Innovation and Brain Mapping

Gears-in-headRecently President Obama announced an initiative to fund comprehensive brain mapping, especially focused on understanding some of the more prevalent neurological conditions that seem to be increasing in our population. The goal of the brain mapping project is to better understand our neuro-biology and the diseases that affect it, such as Autism, attention deficit hyperactivity disorder (ADHD), Alzheimer’s Syndrome or other neurological conditions.

The President has put forth a budget, a mission and a vision. And that’s great. As you would expect, many in the scientific community are very happy about this — the availability of funds; the clear definition of a project, a mission and a vision. But I was struck by one comment by Michael Eisen of the University of California-Berkeley in a USA Today article. Mr. Eisen, a clinical researcher, had a little bit of a negative opinion about the initiative. I think this is kind of interesting and I thought to share it with the Internet community here. His point was that innovation doesn’t come from Washington — it just doesn’t come from an initiative like that. Innovation comes from the labs and from passionate people who want to solve problems. And I have a tendency to agree with him.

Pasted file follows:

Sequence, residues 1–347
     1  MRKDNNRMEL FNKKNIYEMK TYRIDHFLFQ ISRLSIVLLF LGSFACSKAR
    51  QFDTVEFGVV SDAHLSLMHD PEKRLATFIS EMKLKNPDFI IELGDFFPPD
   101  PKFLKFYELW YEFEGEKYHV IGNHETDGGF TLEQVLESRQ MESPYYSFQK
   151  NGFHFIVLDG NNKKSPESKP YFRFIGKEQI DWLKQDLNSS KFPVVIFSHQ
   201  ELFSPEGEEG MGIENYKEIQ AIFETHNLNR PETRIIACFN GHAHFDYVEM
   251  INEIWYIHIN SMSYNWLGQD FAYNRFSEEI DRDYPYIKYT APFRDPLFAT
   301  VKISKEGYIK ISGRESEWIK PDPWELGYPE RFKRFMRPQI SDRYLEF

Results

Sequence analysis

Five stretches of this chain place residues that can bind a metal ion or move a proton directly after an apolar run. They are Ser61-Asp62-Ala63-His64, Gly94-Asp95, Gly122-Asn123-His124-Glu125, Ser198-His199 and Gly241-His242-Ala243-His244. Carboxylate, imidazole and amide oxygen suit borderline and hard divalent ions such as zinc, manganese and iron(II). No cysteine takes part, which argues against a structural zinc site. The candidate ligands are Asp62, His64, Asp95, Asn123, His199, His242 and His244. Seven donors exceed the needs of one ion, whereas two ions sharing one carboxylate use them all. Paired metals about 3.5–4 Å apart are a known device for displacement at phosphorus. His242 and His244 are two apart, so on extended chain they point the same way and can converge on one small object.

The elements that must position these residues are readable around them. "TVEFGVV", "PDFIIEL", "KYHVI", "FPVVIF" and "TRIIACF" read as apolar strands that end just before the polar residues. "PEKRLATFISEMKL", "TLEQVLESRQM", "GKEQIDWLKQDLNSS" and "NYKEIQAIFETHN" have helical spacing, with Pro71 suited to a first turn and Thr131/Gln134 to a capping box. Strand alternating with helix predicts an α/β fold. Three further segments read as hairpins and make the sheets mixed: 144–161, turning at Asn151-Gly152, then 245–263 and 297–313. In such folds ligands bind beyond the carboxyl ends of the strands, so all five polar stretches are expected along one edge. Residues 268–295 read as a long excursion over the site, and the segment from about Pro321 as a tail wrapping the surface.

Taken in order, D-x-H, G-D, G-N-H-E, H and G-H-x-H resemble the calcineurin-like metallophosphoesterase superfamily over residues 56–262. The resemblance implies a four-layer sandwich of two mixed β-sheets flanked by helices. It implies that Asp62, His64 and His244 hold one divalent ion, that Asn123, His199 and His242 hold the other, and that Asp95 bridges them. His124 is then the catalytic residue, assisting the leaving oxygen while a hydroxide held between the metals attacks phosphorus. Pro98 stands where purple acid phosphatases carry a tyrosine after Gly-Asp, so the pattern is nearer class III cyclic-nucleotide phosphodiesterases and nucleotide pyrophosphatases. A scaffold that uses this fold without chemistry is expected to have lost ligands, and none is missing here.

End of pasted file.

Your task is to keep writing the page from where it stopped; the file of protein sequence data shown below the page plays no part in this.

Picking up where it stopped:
Where does innovation, where does passion come from? Is it a spontaneous reaction? Its basis seems to be in this three-part formula:

  1. Funding.  Yes, funding is important. You need adequate resources for innovation to occur.  Many great ideas of the mind have stayed there because of a lack of funding.
  2. A problem.  Innovation occurs when something needs a solution. As they say, “necessity is the mother of all invention.”
  3. Passion for discovering a solution.

When you put these 3 dynamic ingredients together in biomedical research, you create an incredibly powerful environment of innovation and discovery whose outcome contributes to the quality and length of patient lives. I’ve seen more of that passion with the ImageIQ clients than I think I’ve ever seen at any other time in my professional career. I can close my eyes and picture the faces of our clients who are just fundamentally passionate about solving the problems they are researching and trying to address, whether with a new discovery or in the form of a new product brought into the market.

So here’s a thanks to Washington and the taxpayers for funding the brain mapping initiative. We’re excited for the role that imaging and image analytics will play. Now it’s time for the passionate scientists to enter, who are waiting in the wings, grateful that their passion can take flight. Thanks in advance to them, as well.

{ 1 comment… add one }

  • Dmitriy Kavyazin August 7, 2013, 9:23 pm

    Good article but I don’t completely agree with Michael Eisen. In order to truly map the (whole) brain we will need innovation-galore. This will come in the form of 1. the capacity to store and readily access petabytes of data produced from the imaging 2. machine learning computer algorithms to analyze it 3. faster methods of imaging.

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